Many of our foods contain protein, either in small of large amounts. Without them man could not exist, for protein foods are necessary to provide materials for the growth and repair of all body tissues.
Muscles, nerves and skin all require protein to build them up and keep them in good condition. The protein needs of children are greater in proportion to their size than the needs of adults.
This is quite easily understood, as children are growing rapidly, whereas adults have stopped growing and their chief need is for repairing tissues which have previously been formed but broken down.
An expectant or nursing mother will also require more protein than the average adult.
- Children ages 1 – 13 ⇒ 13 – 34 grams of protein per day.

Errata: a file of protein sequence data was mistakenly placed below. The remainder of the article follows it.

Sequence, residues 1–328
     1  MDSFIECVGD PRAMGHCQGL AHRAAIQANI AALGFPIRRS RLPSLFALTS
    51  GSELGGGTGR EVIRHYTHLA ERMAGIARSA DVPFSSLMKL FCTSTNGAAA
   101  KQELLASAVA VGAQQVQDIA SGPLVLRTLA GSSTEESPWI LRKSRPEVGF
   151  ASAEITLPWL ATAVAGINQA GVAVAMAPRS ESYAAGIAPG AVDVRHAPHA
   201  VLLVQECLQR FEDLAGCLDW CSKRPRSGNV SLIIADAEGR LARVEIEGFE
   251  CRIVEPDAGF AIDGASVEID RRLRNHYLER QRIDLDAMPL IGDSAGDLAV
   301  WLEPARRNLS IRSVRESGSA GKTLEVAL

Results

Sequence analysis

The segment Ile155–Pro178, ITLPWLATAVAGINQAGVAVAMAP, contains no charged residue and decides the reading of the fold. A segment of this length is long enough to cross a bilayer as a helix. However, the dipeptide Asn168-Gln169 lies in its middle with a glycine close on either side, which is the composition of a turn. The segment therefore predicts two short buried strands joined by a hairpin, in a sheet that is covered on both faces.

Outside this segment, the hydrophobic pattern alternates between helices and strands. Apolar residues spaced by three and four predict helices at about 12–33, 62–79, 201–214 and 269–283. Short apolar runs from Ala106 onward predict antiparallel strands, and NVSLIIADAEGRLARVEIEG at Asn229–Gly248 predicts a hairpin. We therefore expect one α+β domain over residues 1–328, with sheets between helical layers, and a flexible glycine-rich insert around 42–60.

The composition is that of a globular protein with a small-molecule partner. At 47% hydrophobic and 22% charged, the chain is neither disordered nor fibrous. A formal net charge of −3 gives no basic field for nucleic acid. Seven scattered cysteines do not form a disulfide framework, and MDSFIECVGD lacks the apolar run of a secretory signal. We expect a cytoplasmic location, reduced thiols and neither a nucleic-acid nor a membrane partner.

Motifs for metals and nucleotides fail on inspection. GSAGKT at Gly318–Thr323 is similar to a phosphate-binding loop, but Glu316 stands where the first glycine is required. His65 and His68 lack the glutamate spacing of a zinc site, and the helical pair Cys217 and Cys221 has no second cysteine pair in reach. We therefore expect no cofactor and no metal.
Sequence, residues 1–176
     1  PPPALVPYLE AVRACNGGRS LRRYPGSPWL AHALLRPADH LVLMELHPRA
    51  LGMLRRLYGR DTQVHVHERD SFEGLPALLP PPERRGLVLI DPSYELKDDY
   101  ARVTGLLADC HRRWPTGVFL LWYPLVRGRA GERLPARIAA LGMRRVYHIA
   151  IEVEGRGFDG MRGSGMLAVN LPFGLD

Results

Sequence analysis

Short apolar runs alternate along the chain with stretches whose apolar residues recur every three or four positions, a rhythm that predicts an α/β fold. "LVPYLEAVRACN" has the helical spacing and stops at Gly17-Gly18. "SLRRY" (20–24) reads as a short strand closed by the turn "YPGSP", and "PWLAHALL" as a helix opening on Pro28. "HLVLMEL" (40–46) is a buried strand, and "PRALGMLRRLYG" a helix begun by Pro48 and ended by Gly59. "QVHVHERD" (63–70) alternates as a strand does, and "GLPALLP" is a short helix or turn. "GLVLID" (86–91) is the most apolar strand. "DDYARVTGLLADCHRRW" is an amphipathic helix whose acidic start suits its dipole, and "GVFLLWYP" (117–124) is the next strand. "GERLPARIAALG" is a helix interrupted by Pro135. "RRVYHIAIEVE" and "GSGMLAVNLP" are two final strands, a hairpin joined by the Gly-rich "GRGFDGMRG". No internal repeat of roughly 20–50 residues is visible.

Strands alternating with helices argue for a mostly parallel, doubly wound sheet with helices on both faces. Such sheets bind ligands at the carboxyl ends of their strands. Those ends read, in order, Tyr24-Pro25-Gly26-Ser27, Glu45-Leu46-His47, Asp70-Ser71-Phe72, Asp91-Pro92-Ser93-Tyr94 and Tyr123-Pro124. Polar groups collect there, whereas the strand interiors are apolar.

- Boys & Girls 14 – 18 ⇒ 46 – 52 grams of protein per day.
- Adults 19+ ⇒ 46 – 56 grams of protein per day.
First and Second Class Proteins
Protein foods are divided into two classes —those which provide first class and those which provide second class proteins.
First-class proteins are so called because they are used more efficiently by the human body than the second-class. They are, in general, the proteins from animal sources— milk, cheese, meat, fish poultry and eggs.
The second-class proteins, on the other hand, are those obtained in bread and cereals, nuts, legumes. vegetables and fruit. Second class proteins may be quite useful in the diet, but they are best when used to augment the first-class protein foods.
It does not matter from a health point of view, how much protein a day is included in the diet. An excessive amount is not harmful. On the other hand it is unnecessary.
When the body has used all the protein it needs for building and repairing, the rest of it is made available as a source of energy.